You've deployed BCHS. Your editor is open. Where do you begin?
Don't just write C. Write portable and secure C.
Anybody can write crappy, bug-ridden and insecure code. In any language. Good news: with C, it's even easier! So familiarise yourself with common (and common-sense) pitfalls noted in the SEI CERT C coding standard and comp.lang.c FAQ.
Be familiar with CGI and FastCGI.
Install and use kcgi* or fcgi from packages. (See also kwebapp*.)
If you don't want to parse content by hand—and you really, really don't—let a library do it for you. (Want FastCGI? Be careful! CGI scripts run by slowcgi(8) already have their privileges dropped and file-system constrained. With FastCGI, you'll need to use a framework that does so for you!)
Get to know your security tools. OpenBSD has pledge(2).
Embrace the pledge.
Your application will be under assault every moment it's running. And it will have bugs: limit the damage caused by inevitable mistakes by constraining (sandboxing) the environment available to your application. Oh, right: there's also chroot(2), dropping privileges, etc…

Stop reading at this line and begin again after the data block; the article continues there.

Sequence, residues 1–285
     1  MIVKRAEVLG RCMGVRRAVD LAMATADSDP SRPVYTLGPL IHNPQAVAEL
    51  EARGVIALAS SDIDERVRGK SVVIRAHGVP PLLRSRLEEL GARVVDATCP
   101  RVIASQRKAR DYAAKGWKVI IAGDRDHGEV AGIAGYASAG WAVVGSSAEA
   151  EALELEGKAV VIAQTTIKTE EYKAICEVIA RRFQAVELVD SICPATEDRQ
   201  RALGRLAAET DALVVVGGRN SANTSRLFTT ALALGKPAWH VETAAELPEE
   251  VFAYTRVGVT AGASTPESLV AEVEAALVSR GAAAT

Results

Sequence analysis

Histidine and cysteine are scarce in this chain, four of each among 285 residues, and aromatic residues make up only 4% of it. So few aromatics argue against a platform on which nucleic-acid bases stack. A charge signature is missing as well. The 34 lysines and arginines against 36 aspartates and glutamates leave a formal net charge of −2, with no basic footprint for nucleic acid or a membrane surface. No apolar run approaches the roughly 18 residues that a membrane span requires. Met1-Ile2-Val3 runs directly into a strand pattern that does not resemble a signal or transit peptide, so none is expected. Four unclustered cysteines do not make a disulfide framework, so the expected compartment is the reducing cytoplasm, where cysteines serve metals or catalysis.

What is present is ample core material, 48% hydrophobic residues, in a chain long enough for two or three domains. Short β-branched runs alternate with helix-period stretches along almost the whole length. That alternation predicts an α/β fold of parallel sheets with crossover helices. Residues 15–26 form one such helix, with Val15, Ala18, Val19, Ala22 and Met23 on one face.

For more on these security tools, see Secure CGI.
Databases: simplicity rules.
Spend time carefully reading through the SQLite documentation. For a simpler API (and some significant security features), consider using ksql(3). Most folks knee-jerk into needing the biggest Oracle or NoSQL database they can find. But for most applications, it's perfectly alright to start with SQLite and vanilla SQL, then slowly expand as necessary. The usual path is from SQLite to PostgreSQL.
Statically scan your binary with LLVM (from packages). There's also frama-c and splint, both also in packages.
These static analysis tools can help catch source-level bugs. An alternative compiler (LLVM) can also prevent you from relying too much on gcc(1)'s extensions, which reduces portability.
If your project is open source, you can register it with Coverity, too.
Run your application under valgrind (from packages) and make sure your malloc.conf(5) flags are unforgiving.
Memory errors are often the subtlest (next to race conditions, maybe). Use these tools as much as possible to catch any run-time issues that can't be ferreted with static analysis tools.
Parsing data? Push your parsers into libraries and use AFL (from packages) to put them through inputs you haven't tested.
The thought that
this input could never happenis your adversary's favourite. It will happen. Make sure any parsing sequences are being run through as many code-paths as possible with this tool.
Don't forget: BSD is a community of professionals. Go to conferences (EuroBSDCon, AsiaBSDCon, BSDCan, etc.). Subscribe to the mailing lists. Donate. And lastly but most important of all: use the man pages! (SQLite doesn't have its own bundled manpages: you'll need to use sqlite2mdoc*.)
Convinced? See it in action.
*Disclaimer: I (Kristaps) wrote this.